19. Conquered by Google: A Legendary Literature Quiz, Noam Cohen,
The New York Times, May 1, 2005
Even the Author, of the
Times Literary Supplement is falling prey to the power of Google.

UNIT 5. Societal Institutions: Law, Politics, Education, and the Military
20. The Copyright Paradox, Jonathan Band,
Brookings Review, Winter 2001
According to the author, “the problem with
piracy is not the inadequacy of existing laws, but the high cost of enforcing any law against the large universe of infringers.”

21. You Bought It. Who Controls It?, Edward Tenner,
Technology Review, June 2003
Manufacturers are exercising increasing
control over their products after they have left the store. Users gain
security at the price of freedom.

22. Electronic Voting Systems: the Good, the Bad, and the Stupid, Barbara Simons,
QUEUE, October 2004
After being told that
electronic voting machines were inexpensive to run and reliable, election officials have had to learn something that all software developers know: “the testing and certification processes are suspect, and the software is far from bug-free.”

23. Small Vote Manipulations Can Swing Elections, Anthony Di Franco, et al.,
Communications of the ACM, October 2004
According to the authors, “
E-voting machines potentially make
electoral fraud unprecedentedly simple. An election saboteur need only introduce a small change in the master copy of the voting software to be effective.”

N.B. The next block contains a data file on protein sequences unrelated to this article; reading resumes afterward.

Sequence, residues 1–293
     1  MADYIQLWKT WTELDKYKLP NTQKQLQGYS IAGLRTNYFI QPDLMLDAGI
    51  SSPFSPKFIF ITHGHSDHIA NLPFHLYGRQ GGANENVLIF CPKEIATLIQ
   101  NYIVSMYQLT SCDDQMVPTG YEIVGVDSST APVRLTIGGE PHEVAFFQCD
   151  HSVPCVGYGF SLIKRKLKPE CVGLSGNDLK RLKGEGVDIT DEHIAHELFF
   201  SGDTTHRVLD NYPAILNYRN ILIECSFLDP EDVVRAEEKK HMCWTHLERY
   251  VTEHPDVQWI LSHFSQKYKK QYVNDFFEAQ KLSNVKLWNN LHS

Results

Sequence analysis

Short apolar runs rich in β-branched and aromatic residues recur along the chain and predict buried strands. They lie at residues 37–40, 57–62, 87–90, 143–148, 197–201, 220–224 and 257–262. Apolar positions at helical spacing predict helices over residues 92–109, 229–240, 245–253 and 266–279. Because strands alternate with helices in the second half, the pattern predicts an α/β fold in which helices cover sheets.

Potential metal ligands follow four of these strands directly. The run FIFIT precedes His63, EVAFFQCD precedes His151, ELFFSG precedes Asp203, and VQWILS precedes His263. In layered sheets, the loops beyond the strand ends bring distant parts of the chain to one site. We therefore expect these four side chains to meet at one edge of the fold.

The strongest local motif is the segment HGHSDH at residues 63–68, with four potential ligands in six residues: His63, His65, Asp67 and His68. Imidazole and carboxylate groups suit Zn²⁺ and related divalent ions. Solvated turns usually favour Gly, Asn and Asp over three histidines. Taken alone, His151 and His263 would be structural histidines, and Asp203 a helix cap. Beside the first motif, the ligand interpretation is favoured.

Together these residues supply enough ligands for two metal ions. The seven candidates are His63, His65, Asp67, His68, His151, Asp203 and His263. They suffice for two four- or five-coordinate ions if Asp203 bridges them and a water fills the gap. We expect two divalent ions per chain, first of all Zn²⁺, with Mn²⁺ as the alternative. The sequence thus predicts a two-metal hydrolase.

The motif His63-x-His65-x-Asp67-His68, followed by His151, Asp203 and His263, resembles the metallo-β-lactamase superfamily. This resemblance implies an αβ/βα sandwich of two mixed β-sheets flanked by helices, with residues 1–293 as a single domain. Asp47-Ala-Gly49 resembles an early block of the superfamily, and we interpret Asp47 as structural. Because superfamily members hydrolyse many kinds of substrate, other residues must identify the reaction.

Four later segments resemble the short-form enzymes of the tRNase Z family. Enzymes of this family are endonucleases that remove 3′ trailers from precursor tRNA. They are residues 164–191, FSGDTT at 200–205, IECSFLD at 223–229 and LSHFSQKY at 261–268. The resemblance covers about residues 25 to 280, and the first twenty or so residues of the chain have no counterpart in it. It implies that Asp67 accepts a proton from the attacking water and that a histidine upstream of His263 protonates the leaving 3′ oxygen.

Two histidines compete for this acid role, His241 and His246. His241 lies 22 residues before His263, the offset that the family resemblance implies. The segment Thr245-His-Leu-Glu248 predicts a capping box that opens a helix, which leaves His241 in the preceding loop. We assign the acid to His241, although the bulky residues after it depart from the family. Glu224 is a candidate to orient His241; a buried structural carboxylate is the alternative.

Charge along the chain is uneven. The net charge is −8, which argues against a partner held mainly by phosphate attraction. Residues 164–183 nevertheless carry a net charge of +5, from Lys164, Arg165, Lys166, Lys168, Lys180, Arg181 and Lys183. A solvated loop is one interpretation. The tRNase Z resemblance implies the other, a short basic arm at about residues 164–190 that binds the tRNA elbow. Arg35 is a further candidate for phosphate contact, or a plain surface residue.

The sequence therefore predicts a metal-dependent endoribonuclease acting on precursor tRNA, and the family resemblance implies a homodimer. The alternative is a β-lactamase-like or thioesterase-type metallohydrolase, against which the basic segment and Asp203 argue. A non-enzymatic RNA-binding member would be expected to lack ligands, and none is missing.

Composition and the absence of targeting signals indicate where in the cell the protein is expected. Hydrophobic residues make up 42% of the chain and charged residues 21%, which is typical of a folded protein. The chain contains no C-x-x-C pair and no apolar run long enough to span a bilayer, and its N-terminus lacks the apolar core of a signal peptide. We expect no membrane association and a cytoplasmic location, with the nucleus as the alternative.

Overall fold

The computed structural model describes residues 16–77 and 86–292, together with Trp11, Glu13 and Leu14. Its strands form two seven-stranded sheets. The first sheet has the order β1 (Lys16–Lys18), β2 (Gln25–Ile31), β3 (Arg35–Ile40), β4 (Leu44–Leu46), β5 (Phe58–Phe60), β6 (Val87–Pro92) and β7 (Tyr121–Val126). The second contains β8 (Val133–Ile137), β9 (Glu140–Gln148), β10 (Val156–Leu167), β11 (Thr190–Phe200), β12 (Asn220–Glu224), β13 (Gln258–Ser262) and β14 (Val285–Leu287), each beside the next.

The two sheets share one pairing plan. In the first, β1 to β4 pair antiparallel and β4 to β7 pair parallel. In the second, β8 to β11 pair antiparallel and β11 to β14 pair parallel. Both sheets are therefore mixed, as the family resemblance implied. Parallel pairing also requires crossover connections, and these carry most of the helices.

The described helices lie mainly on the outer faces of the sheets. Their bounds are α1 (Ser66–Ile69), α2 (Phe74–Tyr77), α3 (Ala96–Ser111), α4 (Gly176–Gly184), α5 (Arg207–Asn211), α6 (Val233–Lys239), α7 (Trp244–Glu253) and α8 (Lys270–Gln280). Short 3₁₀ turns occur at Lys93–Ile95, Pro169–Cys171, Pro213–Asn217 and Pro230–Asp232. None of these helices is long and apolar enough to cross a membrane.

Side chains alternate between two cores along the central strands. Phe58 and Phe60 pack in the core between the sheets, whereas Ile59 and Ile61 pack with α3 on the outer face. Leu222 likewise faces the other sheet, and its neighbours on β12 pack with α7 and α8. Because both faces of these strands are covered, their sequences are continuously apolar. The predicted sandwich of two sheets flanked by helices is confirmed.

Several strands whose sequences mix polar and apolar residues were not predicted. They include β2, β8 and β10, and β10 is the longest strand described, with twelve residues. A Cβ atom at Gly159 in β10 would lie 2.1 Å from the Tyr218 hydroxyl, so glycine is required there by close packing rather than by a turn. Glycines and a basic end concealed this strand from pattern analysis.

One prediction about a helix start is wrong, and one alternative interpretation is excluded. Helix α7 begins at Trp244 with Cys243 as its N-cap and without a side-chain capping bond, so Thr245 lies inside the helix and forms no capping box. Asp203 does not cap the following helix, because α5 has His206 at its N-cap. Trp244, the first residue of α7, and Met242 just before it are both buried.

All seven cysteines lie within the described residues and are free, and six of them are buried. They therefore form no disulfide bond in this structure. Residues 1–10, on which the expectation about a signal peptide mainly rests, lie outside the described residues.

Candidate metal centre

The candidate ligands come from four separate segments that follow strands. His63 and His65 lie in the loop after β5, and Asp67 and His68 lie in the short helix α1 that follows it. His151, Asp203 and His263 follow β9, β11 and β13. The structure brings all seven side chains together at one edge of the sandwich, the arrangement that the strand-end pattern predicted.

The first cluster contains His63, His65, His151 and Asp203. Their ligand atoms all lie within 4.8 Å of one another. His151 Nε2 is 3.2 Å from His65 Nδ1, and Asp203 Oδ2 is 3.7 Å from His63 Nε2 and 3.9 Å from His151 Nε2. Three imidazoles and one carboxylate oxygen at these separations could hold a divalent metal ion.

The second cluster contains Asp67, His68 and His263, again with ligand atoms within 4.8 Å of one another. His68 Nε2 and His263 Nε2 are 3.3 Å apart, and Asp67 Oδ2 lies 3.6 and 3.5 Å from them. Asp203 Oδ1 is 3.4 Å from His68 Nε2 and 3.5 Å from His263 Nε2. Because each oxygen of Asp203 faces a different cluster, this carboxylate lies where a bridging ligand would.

24. To Size Up Colleges, Students Now Shop Online, Dan Carnevale,
The Chronicle of Higher Education, June 10, 2005
The same generation of students who buy jeans online “are turning out to be equally
sophisticated consumers of college information.”

25. Facing Down the E-Maelstrom, Jeffrey Selingo,
The Chronicle of Higher Education, April 29, 2005
Never an easy job,
leading a college in the age of the Internet requires sifting through email, reading blogs, and fending off criticism whose volume would be inconceivable without networked computers.

26. Point, Click…Fire, John Carey, Spencer E. Ante, Frederik Balfour, Laura Cohn, and Stan Crock,
Business Week Online, April 7, 2003
“Whatever the problems,” write the authors, “the move to automate war has become an irreversible force.”

27. The Doctrine of Digital War, Stan Crock, Paul Magnusson, Lee Walczak, and Frederik Balfour,
Business Week Online, April 7, 2003
“What’s being tested in Iraq is not just the mettle of the U.S. military but an entire
philosophy of warfare,” say the authors. Is it true that large numbers of land troops aren’t “always needed in an era when powerful
networked-computing systems…can do much of the work?”

UNIT 6. Risk
28. Why Spyware Poses Multiple Threats to Security, Roger Thompson,
Communications of the ACM, August 2005
Harm caused by
spyware ranges from gobbling up computer speed on your PC to enlisting your machine in attacks that can disrupt major businesses or the government.

29. Terror’s Server, David Talbot,
Technology Review, February 2005
“Most experts agree,” says the author, “that the Internet is not just a
tool of terrorist organizations, but is central to their operations.”

30. Homeland Insecurity, Charles C. Mann,
The Atlantic Monthly, September 2002
Charles Mann learns from computer security expert Bruce Schneier that “the trick is to remember that technology can’t save you.”

31. The Virus Underground, Clive Thompson,
The New York Times Magazine, February 8, 2004
Clive Thompson states, “when Mario is bored…he likes to sit at his laptop and create computer
viruses and
worms.”

32. The Fading Memory of the State, David Talbot,
Technology Review, July 2005